Bob Weir of The Grateful Dead: "The Music Is Working Out Just Fine"
In this week's issue, we chat with with former Grateful Dead and current Furthur guitarist Bob Weir. We ended up with more material than we could fit, so please enjoy another installment of Outtakes, where we sweep up all sorts of good stuff that ended up on the cutting room floor.
Grateful Dead founding member Bob Weir infrequently provides interviews, but when he does, he goes for it, opening up with honest and insightful answers. I spoke with Weir about his upcoming solo tour (featuring a set with guitarist Jackie Greene), life in the Grateful Dead and post-Grateful Dead bands, including Ratdog and Furthur, carrying on Jerry Garcia's legacy by bringing back his songs, and mountain biking near his home in Marin.
Up on the Sun: You've done so many different things, so many different bands besides the Grateful Dead and relations, but also Kingfish, your solo outfits and side projects, is there any one particular thing that just stands out as a great time?
Bob Weir: I think the most outstanding period was for a couple of years in the late-80s, early-90s; the Grateful Dead's last years with Brent (Mydland) were the most rewarding. We were just real tight and had something real good goin'. The band was real together [laughs]. It was just all working, at least from my sensibilities.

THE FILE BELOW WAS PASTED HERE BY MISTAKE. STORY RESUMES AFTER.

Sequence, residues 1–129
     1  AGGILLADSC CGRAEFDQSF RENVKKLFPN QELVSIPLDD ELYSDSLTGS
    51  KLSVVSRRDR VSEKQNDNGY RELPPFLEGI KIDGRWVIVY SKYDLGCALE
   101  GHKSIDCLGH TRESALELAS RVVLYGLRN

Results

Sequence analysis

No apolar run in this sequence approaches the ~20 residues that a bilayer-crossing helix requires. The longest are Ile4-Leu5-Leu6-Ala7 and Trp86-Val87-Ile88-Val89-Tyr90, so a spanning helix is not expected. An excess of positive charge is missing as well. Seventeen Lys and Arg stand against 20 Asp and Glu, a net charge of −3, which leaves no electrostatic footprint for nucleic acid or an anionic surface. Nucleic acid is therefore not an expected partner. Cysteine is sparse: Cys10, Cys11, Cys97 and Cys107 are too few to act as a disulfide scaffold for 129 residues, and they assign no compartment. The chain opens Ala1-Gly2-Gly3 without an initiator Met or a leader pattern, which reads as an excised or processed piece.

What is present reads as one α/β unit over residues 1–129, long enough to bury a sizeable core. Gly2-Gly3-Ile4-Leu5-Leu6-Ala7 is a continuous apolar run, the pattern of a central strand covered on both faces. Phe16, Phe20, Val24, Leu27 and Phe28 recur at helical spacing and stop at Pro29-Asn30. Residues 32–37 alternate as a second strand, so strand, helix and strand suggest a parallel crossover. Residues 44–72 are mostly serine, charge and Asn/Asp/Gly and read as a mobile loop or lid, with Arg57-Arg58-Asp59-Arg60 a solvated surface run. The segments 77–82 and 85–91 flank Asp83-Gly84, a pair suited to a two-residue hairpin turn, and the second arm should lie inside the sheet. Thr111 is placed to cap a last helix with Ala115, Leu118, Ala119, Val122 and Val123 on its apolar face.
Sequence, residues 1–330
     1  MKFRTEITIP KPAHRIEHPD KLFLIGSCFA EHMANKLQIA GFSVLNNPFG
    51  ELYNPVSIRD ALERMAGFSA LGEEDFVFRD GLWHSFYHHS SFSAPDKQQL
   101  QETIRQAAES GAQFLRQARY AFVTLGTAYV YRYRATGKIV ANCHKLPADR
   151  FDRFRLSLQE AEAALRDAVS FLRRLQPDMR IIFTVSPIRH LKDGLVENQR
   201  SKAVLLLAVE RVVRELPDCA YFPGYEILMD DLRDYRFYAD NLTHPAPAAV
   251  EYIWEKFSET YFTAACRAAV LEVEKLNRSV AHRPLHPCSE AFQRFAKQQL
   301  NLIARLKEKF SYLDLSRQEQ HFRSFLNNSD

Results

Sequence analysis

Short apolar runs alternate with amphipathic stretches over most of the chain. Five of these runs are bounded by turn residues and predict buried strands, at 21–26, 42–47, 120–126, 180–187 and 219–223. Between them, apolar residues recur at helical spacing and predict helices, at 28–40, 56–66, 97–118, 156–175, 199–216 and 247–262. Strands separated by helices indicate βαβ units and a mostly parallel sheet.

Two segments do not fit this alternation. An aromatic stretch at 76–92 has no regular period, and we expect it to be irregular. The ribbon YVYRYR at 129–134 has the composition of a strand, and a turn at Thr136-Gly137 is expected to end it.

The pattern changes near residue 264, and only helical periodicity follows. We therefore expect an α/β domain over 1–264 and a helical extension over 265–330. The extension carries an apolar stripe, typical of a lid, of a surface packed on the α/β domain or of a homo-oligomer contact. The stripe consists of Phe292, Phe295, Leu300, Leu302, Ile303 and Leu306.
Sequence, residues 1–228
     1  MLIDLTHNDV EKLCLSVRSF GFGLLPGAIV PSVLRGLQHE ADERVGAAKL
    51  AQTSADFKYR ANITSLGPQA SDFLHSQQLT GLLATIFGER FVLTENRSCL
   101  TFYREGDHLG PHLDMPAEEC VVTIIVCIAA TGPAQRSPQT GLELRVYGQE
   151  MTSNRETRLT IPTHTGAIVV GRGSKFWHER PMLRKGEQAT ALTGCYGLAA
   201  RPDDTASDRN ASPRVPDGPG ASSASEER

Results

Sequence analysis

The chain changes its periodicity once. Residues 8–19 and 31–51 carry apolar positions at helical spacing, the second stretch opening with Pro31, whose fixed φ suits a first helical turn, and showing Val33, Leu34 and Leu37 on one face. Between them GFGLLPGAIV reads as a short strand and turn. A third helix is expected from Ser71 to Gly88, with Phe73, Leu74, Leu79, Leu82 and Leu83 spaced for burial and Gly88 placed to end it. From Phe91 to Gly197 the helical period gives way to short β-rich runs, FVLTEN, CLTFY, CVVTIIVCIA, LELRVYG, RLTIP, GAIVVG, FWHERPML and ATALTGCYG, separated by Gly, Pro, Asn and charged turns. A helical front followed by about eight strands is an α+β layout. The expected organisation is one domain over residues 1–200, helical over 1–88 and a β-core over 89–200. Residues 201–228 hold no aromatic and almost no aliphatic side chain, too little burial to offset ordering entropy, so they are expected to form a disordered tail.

Speaking of being real together, Furthur seems to be firing on all cylinders right now. After the Grateful Dead ended there were various attempt to find that groove again with The Other Ones and later The Dead. What did it take to get to this point?
It's a matter of finding the right combination of people and then putting in the time together, which was pretty much the same method we used with the Grateful Dead. We just had a lot of gigs. The time you spend together on stage is the time you spend finding the center of a band and learning to work from there.
After Jerry Garcia died it took a little while before The Other Ones appeared. Was there ever any hesitation trying to get a band back together that could carry forth what the Grateful Dead had started?
I think it was in the back of our minds, but we needed a little time to sort out what we were up to musically and how to approach our heritage anew and do something meaningful with it rather than just go out and play.
When considering that, the Grateful Dead have a massive and dedicated fanbase, was that something you had to consider as well, how they would perceive it?
We were mindful of the fact that there was something of a clamor to get something out there, but it still took us a little while to do it. There are some fans who haven't gone to a show of anybody's since Jerry checked out. That didn't weigh on us all that much. Really, just finding the right time and the right avenue of expression and putting in a little time together was what took as long as it did to get back at it.